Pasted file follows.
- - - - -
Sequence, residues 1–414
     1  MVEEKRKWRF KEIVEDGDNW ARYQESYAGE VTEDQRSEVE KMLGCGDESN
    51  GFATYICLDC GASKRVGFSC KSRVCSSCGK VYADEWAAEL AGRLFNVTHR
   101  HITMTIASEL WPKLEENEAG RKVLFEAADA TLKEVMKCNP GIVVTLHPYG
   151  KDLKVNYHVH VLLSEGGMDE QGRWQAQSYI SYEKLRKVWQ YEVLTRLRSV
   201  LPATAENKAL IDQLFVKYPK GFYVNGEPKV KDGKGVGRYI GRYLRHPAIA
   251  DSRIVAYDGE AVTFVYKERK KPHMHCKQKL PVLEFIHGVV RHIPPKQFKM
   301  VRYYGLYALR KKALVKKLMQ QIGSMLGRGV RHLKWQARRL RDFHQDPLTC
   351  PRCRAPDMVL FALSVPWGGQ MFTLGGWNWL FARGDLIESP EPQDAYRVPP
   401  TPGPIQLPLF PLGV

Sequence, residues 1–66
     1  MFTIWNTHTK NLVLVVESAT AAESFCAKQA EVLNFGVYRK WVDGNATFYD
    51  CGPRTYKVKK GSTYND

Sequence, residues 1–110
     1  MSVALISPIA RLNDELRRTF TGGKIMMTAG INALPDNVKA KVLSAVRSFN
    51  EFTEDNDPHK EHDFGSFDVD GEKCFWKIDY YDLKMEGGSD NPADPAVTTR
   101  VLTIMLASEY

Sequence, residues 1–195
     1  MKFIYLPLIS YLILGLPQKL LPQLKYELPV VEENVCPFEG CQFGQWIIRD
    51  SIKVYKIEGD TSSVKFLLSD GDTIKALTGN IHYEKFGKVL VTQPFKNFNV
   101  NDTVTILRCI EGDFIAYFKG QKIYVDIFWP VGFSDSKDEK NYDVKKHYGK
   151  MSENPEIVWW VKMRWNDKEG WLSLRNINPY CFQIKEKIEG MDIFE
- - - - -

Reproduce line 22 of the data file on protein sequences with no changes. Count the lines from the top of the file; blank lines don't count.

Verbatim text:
   151  MSENPEIVWW VKMRWNDKEG WLSLRNINPY CFQIKEKIEG MDIFE